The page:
AFRICA SECURITY BRIEF
Addressing Côte d’Ivoire’s Deeper Crisis
A PUBLICATION OF THE AFRICA CENTER FOR STRATEGIC STUDIES
Côte d’Ivoire will need to overcome its deep social divisions to attain stability.
To reverse the politicization o the military, security sector reorm must extend beyond conventional stan-dards and build a orce based on the concept o the “Army-Nation” (i.e. the military serving the nation).
Côte d’Ivoire’s peace, security, and development are closely linked to its neighbors, necessitating a sub-regional strategy or overcoming its ongoing crisis.
H I G H L I G H T S
NO. 19 / MARCH 2012
No one holding the highest oce would ever agree toleave power and submit to the will o the electorate.The resolution o Côte d’Ivoire’s traumatic post-election stando did not mean the end to the coun-try’s troubles, however. I Côte d’Ivoire is to achievestability, it must still address a deeper crisis—one thathas estered or more than a decade. The roots, con-sequences, and implications o this crisis are many-sided. They stem rom an explosive mix o ethnic,religious, and land rivalries that have led to a de actodivision o the country since 2002.At its core, this crisis is about national identi-ty—what does it mean to be Ivorian in this nation o 22 million inhabitants? Côte d’Ivoire has long wel-comed and benetted rom West Arican immigrants,who have worked the coee and cocoa plantations inthe South, generating billions o dollars in exports orwhat was once the economic engine o West Arica.Many o these estimated eight million immigrants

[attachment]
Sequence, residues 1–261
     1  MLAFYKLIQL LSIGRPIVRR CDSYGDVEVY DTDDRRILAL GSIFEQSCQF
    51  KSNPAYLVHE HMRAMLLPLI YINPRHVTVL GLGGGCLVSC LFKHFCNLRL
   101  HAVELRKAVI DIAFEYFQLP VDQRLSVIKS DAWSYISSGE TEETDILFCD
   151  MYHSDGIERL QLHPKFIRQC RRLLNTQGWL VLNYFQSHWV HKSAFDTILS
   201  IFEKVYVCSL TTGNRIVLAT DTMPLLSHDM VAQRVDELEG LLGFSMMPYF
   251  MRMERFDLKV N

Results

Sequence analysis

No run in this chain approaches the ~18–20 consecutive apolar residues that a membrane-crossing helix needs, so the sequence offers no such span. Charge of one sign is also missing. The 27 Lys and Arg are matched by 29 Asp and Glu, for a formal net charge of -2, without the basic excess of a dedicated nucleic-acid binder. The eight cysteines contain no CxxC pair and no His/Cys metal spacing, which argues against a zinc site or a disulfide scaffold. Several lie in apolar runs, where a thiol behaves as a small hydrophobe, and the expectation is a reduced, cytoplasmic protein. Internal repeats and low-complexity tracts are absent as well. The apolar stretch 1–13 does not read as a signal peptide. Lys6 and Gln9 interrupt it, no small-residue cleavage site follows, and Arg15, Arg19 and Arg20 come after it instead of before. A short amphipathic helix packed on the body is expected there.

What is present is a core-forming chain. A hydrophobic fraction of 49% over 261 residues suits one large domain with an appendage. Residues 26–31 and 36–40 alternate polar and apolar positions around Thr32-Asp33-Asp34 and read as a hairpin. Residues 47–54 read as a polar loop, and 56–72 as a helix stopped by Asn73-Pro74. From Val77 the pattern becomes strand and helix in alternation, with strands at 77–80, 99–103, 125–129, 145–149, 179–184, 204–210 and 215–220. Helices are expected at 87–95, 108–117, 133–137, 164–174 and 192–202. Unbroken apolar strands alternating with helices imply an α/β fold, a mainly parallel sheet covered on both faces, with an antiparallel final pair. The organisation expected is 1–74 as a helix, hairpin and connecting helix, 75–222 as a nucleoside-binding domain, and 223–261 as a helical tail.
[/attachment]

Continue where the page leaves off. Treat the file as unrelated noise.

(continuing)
The May 2011 inauguration o Alassane Ouat-tara as President o Côte d’Ivoire culminated a tumul-tuous 5-month transition o power. The unwillingnesso the incumbent candidate, Laurent Gbagbo, to cedepower ollowing his electoral deeat eventually led toarmed confict between military orces who supportedOuattara and those loyal to Gbagbo. This resulted inan estimated 3,000 deaths and the involvement o orces rom the United Nations Operation in Côted’Ivoire
(UNOCI). Thousands o rapes, kidnappings,and ear o retribution compelled over a million peo-ple to fee the country’s commercial capital, Abidjan.The Ivorian crisis, moreover, has urther signi-cance or Arica. I Laurent Gbagbo had been allowedto steal the election, a dangerous pattern would havebeen reinorced (building on similar cases in Kenyaand Zimbabwe) just as presidential elections in Aricahave become increasingly common and competitive.